All he wants is his gold.
Over at Alex on Film I’ve just finished off the unheralded Leprechaun franchise. I’m a little impressed that they made 8 of these, but then there have been 8 Children of the Corn movies too. I guess the brand is worth, or has been worth, something. Warwick Davis was OK in the role in a couple of the early movies. The 2014 reboot, turning the title figure into a growling beast, was a woeful mistake. Linden Porco in 2018 actually showed some promise, but I don’t know if we’re at the end now anyway.
Leprechaun 2 (1994)
Leprechaun 3 (1995)
Leprechaun 4: In Space (1996)
Leprechaun in the Hood (2000)
Leprechaun 6: Back 2 Tha Hood (2003)
Leprechaun: Origins (2014)
Leprechaun Returns (2018)
Over at Alex on Film I’ve added my year-end awards post for the best (and worst) of the movies I watched in 2020 that were released in 2020. Because of the pandemic pushing release dates back I didn’t have much to work with. Only ten titles! And most of them were terrible. Still, the show had to go on . . .
Over at Alex on Film I’ve been watching adaptation of Jane Austen’s novel Emma. I think the rom-com Clueless still plays pretty fresh, and the two more traditional versions from 1996 (one with Gwyneth Paltrow, the other with Kate Beckinsale) are OK. For all the praise she received though, I think Paltrow makes the worst Emma. Then I finish up with the 2020 edition, starring Anya Taylor-Joy. I really enjoyed it, except for what they did to Mr. Knightley. Poor Mr. Knightley, as Emma’s father would say.
Her gun is bigger than his.
Over at Alex on Film I’ve finished watching the original trilogy of Jason Statham Transporter movies — The Transporter (2002), Transporter 2 (2005), and Transporter 3 (2008) — as well as the reboot The Transporter Refueled (2015). About what you’d expect from a franchise that apparently began life as a series of BMW car commercials. But maybe not quite as good as that. Generic stuff all around, though I didn’t think the reboot was as bad as reviewers made it out to be. Or, to put it another way, I didn’t find it to be as big a let-down.
Keeping up with the latest, the old-fashioned way.
Just a note to let you know that the quizzes are back at Alex on Film with another instalment of screaming headlines. This is the hundred-and-first quiz!
A truly classy vanishing act.
Over at Alex on Film I’ve been watching some movies about invisible people. Meaning movies that have their nominal origin in The Invisible Man by H. G. Wells (though Wells himself wasn’t the first to come up with the idea, which is as old as antiquity).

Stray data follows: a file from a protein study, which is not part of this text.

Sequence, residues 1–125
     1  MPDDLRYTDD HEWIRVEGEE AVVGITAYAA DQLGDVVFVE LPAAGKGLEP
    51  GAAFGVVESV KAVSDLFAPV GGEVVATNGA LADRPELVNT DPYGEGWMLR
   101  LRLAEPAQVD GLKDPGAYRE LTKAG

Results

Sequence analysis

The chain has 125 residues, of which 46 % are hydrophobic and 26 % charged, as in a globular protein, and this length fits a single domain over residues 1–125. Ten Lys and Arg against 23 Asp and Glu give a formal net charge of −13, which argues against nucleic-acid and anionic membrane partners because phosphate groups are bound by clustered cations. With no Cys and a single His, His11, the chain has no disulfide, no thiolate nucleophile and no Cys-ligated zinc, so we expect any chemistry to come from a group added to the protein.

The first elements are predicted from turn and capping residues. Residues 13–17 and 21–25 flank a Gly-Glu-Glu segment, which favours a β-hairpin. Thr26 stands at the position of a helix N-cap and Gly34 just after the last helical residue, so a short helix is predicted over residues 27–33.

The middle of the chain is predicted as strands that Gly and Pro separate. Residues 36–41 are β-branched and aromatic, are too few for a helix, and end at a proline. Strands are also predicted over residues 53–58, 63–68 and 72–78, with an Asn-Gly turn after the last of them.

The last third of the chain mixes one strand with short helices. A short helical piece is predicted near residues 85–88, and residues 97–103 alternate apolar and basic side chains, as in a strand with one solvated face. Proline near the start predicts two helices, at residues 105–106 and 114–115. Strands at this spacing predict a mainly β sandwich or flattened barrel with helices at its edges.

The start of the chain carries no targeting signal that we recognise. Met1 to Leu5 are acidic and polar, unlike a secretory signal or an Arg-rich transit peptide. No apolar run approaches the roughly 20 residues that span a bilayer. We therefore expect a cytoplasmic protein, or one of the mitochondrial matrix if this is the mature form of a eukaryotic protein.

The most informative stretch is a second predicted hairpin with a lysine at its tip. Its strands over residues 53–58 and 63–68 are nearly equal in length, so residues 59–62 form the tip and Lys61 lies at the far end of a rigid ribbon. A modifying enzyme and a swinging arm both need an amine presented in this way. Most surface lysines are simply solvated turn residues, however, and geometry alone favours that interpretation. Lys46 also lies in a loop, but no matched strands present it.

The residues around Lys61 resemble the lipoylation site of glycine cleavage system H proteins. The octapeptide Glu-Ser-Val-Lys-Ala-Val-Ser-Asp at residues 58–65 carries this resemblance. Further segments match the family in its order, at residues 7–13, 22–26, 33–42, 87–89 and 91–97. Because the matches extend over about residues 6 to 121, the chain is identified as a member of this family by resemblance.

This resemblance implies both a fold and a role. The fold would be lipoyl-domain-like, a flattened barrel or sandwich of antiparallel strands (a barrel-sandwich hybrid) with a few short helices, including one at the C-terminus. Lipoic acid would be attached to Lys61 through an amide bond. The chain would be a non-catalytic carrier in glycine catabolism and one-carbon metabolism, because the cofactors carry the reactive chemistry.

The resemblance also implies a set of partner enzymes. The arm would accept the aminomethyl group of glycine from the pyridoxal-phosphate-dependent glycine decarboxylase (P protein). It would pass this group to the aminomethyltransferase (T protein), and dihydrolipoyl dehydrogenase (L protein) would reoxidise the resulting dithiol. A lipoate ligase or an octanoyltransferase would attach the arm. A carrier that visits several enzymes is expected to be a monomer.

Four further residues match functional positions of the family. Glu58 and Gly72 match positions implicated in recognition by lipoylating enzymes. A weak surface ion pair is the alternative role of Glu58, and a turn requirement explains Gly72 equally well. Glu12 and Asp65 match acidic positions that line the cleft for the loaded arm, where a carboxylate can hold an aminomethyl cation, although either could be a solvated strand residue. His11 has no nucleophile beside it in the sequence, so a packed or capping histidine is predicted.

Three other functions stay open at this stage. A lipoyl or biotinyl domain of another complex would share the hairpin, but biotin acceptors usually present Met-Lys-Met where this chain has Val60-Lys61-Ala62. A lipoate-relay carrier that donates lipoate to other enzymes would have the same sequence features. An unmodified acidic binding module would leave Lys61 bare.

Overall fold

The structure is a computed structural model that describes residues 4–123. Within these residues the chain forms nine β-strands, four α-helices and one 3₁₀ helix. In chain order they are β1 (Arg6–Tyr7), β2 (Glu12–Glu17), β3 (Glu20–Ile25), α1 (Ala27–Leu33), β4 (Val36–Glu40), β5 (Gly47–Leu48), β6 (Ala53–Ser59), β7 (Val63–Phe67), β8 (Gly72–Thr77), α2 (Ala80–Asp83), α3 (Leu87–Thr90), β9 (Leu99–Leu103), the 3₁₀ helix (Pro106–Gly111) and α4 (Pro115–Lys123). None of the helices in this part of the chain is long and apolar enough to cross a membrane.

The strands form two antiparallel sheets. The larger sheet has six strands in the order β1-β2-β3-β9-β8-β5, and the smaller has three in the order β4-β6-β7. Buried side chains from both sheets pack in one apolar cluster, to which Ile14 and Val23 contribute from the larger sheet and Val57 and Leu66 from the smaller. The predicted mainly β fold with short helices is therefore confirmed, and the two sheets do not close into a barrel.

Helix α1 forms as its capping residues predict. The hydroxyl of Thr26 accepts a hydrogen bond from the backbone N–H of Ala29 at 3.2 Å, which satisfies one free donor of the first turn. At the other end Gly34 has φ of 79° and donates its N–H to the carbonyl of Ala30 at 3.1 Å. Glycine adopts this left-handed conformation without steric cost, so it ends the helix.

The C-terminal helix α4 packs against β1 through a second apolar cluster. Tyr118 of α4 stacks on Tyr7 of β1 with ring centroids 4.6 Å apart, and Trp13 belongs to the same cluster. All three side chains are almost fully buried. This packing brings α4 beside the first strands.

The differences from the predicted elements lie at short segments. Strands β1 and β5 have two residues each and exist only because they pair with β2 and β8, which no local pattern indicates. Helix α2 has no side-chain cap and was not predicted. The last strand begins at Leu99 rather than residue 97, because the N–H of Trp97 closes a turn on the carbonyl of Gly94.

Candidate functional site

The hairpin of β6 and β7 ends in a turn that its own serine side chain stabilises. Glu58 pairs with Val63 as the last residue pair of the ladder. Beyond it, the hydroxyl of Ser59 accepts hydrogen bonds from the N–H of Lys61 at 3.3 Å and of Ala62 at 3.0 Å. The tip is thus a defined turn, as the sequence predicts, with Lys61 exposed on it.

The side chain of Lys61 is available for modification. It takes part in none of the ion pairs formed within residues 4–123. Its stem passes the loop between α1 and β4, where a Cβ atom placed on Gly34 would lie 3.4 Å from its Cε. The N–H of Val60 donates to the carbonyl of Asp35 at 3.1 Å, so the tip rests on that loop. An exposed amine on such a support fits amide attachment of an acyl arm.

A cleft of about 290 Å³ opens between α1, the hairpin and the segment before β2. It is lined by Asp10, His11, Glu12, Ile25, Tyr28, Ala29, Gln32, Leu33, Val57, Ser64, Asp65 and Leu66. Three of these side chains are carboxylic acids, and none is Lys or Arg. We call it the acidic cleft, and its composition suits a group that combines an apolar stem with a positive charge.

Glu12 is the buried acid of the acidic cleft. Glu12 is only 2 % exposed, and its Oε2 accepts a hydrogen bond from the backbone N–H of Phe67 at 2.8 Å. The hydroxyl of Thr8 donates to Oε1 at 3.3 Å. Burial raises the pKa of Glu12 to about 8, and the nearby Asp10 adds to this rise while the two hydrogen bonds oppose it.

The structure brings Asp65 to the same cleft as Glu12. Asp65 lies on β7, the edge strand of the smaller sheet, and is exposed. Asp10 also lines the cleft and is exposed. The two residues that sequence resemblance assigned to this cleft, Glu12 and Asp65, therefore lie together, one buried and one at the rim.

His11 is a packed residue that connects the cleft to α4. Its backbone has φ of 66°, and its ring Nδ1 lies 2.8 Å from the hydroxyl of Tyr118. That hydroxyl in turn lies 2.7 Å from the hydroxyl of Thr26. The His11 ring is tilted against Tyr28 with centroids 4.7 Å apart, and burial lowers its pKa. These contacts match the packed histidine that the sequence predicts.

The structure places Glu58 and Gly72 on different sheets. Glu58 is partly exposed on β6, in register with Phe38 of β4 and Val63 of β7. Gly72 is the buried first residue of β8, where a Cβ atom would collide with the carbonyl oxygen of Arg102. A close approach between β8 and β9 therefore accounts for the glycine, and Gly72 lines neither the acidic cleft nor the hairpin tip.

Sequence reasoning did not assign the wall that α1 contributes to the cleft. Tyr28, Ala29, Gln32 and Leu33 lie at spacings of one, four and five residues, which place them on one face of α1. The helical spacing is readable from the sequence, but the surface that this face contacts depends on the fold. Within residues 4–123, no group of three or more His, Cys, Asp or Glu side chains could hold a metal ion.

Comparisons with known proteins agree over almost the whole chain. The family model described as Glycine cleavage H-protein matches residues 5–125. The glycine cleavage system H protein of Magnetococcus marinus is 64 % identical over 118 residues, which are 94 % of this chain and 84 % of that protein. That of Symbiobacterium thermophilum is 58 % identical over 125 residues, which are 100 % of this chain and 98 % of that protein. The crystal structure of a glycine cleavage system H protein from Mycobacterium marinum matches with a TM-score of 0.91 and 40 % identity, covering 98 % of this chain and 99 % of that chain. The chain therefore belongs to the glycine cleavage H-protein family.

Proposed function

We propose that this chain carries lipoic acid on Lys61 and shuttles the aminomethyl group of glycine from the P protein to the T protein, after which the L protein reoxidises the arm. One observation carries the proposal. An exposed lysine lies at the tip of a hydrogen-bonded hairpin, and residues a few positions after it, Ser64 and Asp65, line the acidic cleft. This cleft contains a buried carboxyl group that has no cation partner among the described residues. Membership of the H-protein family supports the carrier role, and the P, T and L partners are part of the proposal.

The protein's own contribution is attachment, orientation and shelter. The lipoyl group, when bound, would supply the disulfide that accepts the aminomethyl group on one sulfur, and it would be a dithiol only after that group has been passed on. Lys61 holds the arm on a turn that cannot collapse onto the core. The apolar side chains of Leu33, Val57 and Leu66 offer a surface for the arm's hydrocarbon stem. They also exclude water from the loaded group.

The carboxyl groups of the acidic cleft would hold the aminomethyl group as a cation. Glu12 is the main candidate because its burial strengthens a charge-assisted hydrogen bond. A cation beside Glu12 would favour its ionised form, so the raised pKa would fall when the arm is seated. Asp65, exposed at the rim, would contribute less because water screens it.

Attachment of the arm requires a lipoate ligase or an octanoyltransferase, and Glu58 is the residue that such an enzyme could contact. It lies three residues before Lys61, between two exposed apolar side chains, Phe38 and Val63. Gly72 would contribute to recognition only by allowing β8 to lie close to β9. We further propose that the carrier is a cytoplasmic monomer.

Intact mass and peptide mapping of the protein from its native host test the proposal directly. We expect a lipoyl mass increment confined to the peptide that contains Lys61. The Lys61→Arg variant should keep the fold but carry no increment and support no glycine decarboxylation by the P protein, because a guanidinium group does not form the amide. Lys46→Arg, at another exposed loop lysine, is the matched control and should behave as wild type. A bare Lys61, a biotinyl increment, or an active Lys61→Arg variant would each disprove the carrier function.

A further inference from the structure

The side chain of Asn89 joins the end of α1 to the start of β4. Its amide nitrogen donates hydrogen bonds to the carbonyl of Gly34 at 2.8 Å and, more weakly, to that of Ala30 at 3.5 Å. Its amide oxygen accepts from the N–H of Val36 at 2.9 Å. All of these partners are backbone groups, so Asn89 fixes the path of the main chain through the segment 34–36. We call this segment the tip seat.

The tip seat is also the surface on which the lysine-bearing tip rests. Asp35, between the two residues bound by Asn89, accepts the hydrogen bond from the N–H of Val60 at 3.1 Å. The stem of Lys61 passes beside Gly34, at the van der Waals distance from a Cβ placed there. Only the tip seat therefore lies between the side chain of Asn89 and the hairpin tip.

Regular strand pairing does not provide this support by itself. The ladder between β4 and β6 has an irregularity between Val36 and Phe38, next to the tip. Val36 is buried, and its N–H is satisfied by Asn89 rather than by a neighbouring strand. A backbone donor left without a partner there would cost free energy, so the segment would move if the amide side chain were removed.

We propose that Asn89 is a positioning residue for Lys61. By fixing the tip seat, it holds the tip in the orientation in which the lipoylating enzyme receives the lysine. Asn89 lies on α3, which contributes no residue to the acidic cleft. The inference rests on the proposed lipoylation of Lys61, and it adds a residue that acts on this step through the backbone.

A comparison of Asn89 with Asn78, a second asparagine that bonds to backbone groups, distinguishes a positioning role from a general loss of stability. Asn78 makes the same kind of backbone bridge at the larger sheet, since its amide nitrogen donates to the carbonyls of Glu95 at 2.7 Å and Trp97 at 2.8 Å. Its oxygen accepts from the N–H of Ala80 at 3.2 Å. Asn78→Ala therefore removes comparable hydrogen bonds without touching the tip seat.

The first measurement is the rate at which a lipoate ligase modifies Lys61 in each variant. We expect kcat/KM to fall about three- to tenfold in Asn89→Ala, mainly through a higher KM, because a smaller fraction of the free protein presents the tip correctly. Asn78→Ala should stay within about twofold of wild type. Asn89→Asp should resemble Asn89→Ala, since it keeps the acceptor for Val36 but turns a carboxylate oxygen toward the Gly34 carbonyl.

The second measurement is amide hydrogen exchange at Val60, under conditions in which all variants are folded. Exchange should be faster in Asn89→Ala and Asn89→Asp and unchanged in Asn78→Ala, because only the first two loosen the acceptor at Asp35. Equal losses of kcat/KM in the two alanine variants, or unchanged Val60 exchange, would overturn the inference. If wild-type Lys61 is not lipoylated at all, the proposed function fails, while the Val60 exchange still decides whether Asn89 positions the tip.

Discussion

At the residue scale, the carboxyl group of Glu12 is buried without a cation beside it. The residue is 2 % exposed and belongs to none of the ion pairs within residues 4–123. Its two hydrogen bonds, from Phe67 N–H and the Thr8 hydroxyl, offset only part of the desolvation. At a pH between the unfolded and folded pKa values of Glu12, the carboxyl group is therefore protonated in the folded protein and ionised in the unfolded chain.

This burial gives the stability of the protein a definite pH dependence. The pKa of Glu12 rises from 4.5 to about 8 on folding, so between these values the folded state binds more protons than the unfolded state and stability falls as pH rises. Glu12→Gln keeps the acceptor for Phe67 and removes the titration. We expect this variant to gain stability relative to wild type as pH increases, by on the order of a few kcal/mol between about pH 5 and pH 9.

As I say several times over the course of my notes, the Invisible Man (or Woman) is a plastic figure, capable of being hero or villain, victim or superhero. The movies may be thrillers, action vehicles, or slapstick comedies. There is no one generic Invisible Man, or Invisible Man movie. Here are just some of them:
The Invisible Man (1933)
The Invisible Man Returns (1940)
The Invisible Woman (1940)
Invisible Agent (1942)
The Invisible Man’s Revenge (1944)
The Amazing Transparent Man (1960)
The Unseen (2016)
The Invisible Man (2020)
Over at Alex on Film I’ve finished up working though the Halloween franchise (I had an earlier post after doing the original and the Rob Zombie flicks here). The only ones I skipped were Halloween: The Curse of Michael Myers (1994) and Halloween: Resurrection (2002). Maybe I’ll get around to writing notes on them someday.
It’s a weird series. There’s no through narrative, even of the most strained, supernatural kind like in the Friday the 13th franchise. In fact, there’s not much to the whole Halloween mythos aside from the (literally) tortured relationship between Michael and Laurie. And the movies, with the exception of the first, are not every good. Aside from exploiting the brand it’s hard to see how or why they’ve hung around for nearly half a century.
Halloween II (1981)
Halloween III: Season of the Witch (1982)
Halloween 4: The Return of Michael Myers (1988)
Halloween 5: The Revenge of Michael Myers (1989)
Halloween H20: Twenty Years Later (1998)
Halloween II (2009)
Hang in there, Karen. You still have House of 1000 Corpses to get through.
Over at Alex on Film I’ve been watching the Airport tetralogy: Airport (1970), Airport 1975 (1974), Airport ’77 (1977), and The Concorde . . . Airport ’79 (1979). I was surprised at how much I enjoyed them. Yes they’re trash, but it’s trash that has aged well, and each film has its own silly identity. I actually went to see The Concorde on its initial release, so many years ago now. Of course, after this it was on to Airplane! and other send-ups, since there was no place left to go. And Airplane! is still very funny today too. But don’t sleep on the originals.
Over at Alex on Film I’ve been watching some (but far from all) of the Ju-on or Grudge films, both from the Japanese and American franchises. Along the way I muse a bit about the whole J-horror phenomenon. Is it over now? Did it ever amount to much? What was its significance?
Here’s the line-up:
Ju-on: The Grudge (2002)
The Grudge (2004)
The Grudge (2020)
The origin of species.
Over at Alex on Film I’ve been watching the Species movies. In which Natasha Henstridge plays a murderous and broody alien who isn’t comfortable wearing clothes. Unfortunately, the movies aren’t quite as much fun as that sounds.
Species II (1998)
Species III (2004)
Species: The Awakening (2007)